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In Praise of Slow: How a Worldwide Movement Is Challenging the Cult of Speed Paperback – Dec 28 2004


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Product Details

  • Paperback: 320 pages
  • Publisher: Vintage Canada; 1 edition (Dec 28 2004)
  • Language: English
  • ISBN-10: 0676975739
  • ISBN-13: 978-0676975734
  • Product Dimensions: 20.1 x 13 x 2.8 cm
  • Shipping Weight: 318 g
  • Average Customer Review: 3.6 out of 5 stars  See all reviews (9 customer reviews)
  • Amazon Bestsellers Rank: #83,535 in Books (See Top 100 in Books)
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17 of 17 people found the following review helpful By sean s. on May 19 2004
Format: Hardcover
There were positive reviews of this book in the Globe & Mail and the Toronto Star, but I was still pleasantly surprised at how excellent it is. To sum it up: this is this year's No Logo.
Like Naomi Klein, Carl Honore pulls together a number of apparently disparate but ultimately related themes: Slow Food, Slow Cities, Slow Sex, Slow Leisure etc. and not surprisingly, it is a book which merits a slow read: Honore has important and even quite deep reflections on almost each page of the book! You could read a few pages a day, and add significantly to your quality of life by following his sage advice, which is both rationally presented and which intuitively rings true.
If quality of life is important to you, and you liked No Logo, Fast Food Nation, and Fire and Ice, you will likely appreciate this wonderful book. A gem, one of the best non-fiction books of 2004.
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3 of 3 people found the following review helpful By Colin from Calgary on Sept. 11 2005
Format: Paperback
We chose this book for our book club and it proved to be a great choice. It's very well written, researched and argued. The author sums up the dominant problem of the modern world, that there is too much speed in everything we do, and gives lots of cool examples from around the world of how "slow" is helping people live, work, whatever better. I recognized myself in some of the examples of pointless hurry and laughed out loud a few times. It's just an awesome read and everyone in this insane too-fast culture of ours should pick up a copy. All the members of our group enjoyed the book and we had our best debate in a long time. I already know what some of my faster friends are getting for Christmas.
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Format: Paperback
I found myself enjoying this book simply because I enjoy reading about people slowing down. Somehow, oddly, it slows me down a little more. This can only last so long (it won't hold me for an entire book) and I didn't end up finishing it because it just didn't seem to have enough "meat". It's difficult to explain but there just wasn't much concrete material (suggestions on how to slow down, ways in which to deal with the struggles that might typically follow,...).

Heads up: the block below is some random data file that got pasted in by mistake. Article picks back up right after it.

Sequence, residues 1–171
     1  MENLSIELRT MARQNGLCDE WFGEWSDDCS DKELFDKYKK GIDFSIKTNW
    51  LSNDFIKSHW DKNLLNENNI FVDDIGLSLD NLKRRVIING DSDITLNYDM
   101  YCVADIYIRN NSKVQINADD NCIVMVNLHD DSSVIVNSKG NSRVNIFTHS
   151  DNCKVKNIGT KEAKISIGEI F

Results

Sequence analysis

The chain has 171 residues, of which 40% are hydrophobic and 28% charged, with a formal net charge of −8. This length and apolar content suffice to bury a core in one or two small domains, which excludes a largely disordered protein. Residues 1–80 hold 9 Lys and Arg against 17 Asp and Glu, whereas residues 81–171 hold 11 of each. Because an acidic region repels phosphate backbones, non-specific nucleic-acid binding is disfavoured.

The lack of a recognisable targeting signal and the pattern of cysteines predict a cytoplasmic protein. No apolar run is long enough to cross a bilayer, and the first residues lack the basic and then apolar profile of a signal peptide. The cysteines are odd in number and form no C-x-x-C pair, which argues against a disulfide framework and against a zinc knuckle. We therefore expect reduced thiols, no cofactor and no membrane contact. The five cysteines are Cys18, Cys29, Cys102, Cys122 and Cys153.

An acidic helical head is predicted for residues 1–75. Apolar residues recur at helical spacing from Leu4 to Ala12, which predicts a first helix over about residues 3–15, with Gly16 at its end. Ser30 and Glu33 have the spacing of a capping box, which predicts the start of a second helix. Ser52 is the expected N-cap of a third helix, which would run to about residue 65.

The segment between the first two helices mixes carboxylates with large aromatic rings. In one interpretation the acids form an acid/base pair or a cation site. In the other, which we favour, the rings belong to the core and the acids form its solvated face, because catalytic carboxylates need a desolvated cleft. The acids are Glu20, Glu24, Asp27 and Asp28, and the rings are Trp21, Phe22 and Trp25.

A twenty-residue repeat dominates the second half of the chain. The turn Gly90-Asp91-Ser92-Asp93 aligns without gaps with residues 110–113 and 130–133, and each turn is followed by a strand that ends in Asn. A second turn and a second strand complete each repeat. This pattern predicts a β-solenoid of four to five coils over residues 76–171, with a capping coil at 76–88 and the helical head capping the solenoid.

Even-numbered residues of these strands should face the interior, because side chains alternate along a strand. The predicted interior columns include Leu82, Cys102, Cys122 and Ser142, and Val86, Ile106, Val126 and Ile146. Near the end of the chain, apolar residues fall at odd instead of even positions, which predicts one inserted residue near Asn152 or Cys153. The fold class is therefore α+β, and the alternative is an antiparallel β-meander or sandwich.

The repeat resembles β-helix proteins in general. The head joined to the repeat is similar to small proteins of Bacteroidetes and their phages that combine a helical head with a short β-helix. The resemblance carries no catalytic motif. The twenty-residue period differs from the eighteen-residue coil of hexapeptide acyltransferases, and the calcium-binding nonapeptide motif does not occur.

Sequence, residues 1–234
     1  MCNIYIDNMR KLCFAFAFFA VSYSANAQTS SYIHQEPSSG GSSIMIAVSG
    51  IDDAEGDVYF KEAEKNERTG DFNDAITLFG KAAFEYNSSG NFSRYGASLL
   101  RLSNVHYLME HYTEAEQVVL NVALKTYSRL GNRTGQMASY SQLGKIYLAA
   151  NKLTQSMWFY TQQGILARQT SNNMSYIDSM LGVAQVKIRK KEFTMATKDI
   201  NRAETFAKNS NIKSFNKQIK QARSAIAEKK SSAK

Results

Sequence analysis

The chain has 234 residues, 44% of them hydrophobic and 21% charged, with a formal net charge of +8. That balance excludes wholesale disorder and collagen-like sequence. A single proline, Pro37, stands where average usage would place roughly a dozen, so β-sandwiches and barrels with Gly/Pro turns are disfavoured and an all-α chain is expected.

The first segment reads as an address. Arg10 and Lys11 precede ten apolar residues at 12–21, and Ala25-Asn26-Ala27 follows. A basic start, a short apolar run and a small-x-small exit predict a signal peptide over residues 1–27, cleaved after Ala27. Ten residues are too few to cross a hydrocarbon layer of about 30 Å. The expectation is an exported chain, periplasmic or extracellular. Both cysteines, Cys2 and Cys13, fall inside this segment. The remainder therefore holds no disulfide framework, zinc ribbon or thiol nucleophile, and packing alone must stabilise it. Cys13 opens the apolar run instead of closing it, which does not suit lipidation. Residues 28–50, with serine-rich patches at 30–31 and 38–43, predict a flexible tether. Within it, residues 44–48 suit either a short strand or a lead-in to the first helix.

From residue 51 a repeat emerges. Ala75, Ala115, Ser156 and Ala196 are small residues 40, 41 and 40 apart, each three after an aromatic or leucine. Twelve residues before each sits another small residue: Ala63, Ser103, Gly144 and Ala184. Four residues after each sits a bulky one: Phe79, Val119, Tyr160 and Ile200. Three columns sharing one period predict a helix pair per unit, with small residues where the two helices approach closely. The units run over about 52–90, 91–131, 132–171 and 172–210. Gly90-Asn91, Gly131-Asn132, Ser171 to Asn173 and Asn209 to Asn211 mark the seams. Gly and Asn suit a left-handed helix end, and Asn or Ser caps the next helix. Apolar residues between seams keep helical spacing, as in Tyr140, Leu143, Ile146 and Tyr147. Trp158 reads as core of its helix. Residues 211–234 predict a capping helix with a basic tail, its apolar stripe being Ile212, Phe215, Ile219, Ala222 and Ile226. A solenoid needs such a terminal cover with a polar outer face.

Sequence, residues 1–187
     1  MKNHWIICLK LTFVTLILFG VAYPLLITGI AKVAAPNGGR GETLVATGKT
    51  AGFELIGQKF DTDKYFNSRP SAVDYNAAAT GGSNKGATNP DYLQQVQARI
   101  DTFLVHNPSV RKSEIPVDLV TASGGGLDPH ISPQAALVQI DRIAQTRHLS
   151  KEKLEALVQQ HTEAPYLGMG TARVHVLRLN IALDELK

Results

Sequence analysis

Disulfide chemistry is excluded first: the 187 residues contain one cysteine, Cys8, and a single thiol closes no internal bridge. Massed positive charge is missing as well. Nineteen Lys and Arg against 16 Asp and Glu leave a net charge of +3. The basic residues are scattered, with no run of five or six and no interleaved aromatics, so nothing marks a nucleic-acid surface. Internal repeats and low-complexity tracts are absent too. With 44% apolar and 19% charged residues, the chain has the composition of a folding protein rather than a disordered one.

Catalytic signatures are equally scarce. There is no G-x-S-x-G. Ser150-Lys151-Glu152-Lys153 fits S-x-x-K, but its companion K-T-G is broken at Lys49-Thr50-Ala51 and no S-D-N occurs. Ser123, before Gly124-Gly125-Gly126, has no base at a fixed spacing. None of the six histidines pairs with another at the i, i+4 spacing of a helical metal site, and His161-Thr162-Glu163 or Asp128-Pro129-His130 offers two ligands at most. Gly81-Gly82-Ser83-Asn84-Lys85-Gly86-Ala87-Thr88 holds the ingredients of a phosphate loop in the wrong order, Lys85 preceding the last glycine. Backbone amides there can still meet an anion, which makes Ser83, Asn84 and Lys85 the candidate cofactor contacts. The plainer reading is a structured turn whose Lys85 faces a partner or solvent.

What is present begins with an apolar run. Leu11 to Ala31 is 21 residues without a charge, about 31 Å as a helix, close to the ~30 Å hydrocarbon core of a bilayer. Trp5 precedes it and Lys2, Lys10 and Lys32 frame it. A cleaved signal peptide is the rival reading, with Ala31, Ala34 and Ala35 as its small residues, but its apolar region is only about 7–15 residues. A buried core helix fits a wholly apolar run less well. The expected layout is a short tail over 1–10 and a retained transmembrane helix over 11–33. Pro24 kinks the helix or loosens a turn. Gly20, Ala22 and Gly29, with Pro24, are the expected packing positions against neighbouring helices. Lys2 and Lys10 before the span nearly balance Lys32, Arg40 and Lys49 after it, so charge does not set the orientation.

I had just finished reading Nurture Shock (amazing!) and they had dealt with the question of why kids are so overweight as of recent. They reached a clear conclusion with solid evidence. It is *not* that kids watch too much TV.
In Praise of Slow suggests that kids watch way too much TV now and he supported this by quoting one (what seemed to be random) teacher who said that she agreed for sure. Really? That's it? No studies, no research? (Nurture Shock actually showed that kids today watch only a slight bit more TV than decades past.)
This last part just seemed sloppy to me.
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Format: Paperback Verified Purchase
Slowing down enough in my life to actually read this book was a challenge.
Well worth it...I will be mindful of a slower pace in all areas of my life from this moment forward, enjoying "moments in time"....which is really all we realistically have!
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2 of 2 people found the following review helpful By Alex on Sept. 2 2008
Format: Paperback
I had expected to like this book, but in the end I found it too shallow and predictable. It's a decent journalist's effort, nicely written, and he finds some good interview subjects, but the same basic points are stated and re-stated with not much new insight brought to the subject. I began to get a little (dare I say it?!) impatient with it all when I began to see early signs that the author was stretching his material. If you've never read any other critique of the commercialized, industrialized speeded-up economy we live in, then you might find this book enlightening, but if you have read others on this subject, especially with an emphasis on food (which is the heart of the Slow movement), I'd say skip this one.
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